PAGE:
On a scale of 1 to 10, becoming a parent has been about a 1,089, in more ways than one. Moment to moment, my heart can be bursting with love— for this innocent human being who is telling me that he thinks a bunny is singing the song on the radio— to frustration, for this wild animal who is dipping his entire hand into his bowl of milky oatmeal and licking the spillover off the cat fur-covered coffee table. The range of daily emotions— Half-moon’s and mine— is not for the feint of heart. I’m constantly wondering, how do people make this look so easy? A lot of my day is actually spent trying to answer questions. What happens when you die? Will Daniel Tiger die? Can I have a popsicle? How hot is lava? What is the point of you? Can I have a popsicle? Why do cats have whiskers? Why does that frontloader have two buckets?
And one question I’ve been asking a lot— how do I regain some sense of self? I’m not trying to be super dramatic, but going on year four (five?) of being a full-time stay-at-home parent/ part-time everything else has left me feeling somewhat lost. How do I remember who I was? I catch glimpses sometimes. Riding my bike home in the dark from a night out with friends. Singing Whitney Houston at the top of my lungs at closing time in the kitchen at my waitressing gig. Swimming under water with my eyes open. But a lot of the time I feel like a shell who is missing its hermit crab (gotta love Eric Carle.) Not that I need to go back in time— and I wouldn’t trade quitting teaching to stay home with Half-moon for anything— but it’s silly to let go of the things that make you feel like yourself. Which leads me back to you. And me. And this blog. And tomatoes. I still love to write, I still love to read, I still love to eat. I happened upon this article in the New York Times this morning and it made me happy. And on the subject of tomatoes, this past weekend I made Andrea Bemis’ recipe for oven-dried cherry tomatoes and I think you might like them, too.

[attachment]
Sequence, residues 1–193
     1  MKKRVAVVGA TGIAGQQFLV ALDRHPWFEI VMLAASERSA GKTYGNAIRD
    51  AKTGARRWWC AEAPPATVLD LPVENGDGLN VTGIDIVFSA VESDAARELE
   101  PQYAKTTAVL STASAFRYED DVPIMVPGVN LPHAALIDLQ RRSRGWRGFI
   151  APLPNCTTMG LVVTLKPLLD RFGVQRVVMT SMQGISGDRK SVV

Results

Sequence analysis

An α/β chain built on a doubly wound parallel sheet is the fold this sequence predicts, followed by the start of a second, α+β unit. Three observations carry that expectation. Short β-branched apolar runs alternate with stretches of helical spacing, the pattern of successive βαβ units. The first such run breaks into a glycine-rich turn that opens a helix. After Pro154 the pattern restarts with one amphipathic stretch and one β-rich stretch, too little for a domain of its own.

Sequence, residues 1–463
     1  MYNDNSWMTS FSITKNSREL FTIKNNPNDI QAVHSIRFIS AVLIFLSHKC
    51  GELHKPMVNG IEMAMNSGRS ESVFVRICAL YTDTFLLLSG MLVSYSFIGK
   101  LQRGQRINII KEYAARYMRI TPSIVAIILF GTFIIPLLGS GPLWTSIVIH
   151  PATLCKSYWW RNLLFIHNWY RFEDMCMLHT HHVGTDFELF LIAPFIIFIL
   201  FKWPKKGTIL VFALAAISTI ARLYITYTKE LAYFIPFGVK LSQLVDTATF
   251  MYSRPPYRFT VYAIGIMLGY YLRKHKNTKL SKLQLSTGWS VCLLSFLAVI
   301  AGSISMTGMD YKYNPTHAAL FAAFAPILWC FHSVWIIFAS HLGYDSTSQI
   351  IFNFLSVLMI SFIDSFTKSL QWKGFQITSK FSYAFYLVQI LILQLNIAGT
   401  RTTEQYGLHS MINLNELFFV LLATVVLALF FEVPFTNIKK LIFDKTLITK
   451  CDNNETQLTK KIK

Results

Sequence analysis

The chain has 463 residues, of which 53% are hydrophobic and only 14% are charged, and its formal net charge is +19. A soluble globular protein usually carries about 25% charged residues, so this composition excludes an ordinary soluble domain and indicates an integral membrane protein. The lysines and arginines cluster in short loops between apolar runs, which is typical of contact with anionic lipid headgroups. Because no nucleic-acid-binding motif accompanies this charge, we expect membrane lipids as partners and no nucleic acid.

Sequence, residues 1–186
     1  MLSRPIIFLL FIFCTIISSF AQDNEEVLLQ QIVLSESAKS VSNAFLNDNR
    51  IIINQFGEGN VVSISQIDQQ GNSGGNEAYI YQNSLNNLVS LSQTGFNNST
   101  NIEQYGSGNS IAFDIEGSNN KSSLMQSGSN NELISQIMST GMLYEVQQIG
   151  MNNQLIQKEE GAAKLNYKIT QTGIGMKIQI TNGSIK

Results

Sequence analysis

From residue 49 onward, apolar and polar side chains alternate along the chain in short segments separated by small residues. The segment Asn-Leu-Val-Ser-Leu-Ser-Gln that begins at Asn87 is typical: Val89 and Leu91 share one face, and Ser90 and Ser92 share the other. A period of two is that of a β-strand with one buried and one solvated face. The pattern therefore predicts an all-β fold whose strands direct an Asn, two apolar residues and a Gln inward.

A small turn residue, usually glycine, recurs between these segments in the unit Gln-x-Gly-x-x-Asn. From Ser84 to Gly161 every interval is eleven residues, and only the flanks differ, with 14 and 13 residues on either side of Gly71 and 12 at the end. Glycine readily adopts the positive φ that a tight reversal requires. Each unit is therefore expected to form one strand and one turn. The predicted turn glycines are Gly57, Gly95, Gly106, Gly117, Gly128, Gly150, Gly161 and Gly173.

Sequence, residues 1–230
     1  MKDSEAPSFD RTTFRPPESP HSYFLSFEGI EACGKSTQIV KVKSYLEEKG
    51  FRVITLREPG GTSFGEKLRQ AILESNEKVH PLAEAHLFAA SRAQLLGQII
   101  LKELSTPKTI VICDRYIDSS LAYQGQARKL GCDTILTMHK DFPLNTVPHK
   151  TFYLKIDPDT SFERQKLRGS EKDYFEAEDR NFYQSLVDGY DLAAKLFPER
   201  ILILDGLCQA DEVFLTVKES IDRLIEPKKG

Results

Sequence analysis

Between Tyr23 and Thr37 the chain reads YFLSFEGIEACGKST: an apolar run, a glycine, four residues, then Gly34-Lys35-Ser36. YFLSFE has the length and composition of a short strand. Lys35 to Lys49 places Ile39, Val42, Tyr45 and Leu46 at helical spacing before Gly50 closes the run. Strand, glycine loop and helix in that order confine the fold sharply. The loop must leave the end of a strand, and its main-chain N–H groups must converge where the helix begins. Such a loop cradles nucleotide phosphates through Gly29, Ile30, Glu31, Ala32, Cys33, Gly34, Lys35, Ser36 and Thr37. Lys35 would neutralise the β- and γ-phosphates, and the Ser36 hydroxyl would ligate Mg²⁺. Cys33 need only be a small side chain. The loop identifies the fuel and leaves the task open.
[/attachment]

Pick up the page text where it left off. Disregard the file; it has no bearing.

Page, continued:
Farmer’s Candy from Dishing up the Dirt
4 cups cherry tomatoes
2 tablespoons olive oil
1 teaspoon dried thyme
Pinch of fine sea salt
Preheat the oven to 225 degrees and line two baking sheets with parchment paper. Slice the cherry tomatoes in half lengthwise. Toss them with the oil, thyme and salt. Arrange them cut sides up on the baking sheets and bake for 4 hours, rotating the pans halfway through cooking. The tomatoes are done when they are shriveled and dry but still retain a bit of juice. Use them within a couple of days or store them in resealable freezer bags for up to 6 months.
Half-moon just reminded me that we need to go to the store to buy the ingredients for miso dip. He’s no longer satisfied having dried apricots in his lunch. I’m glad he loves to talk about food, too.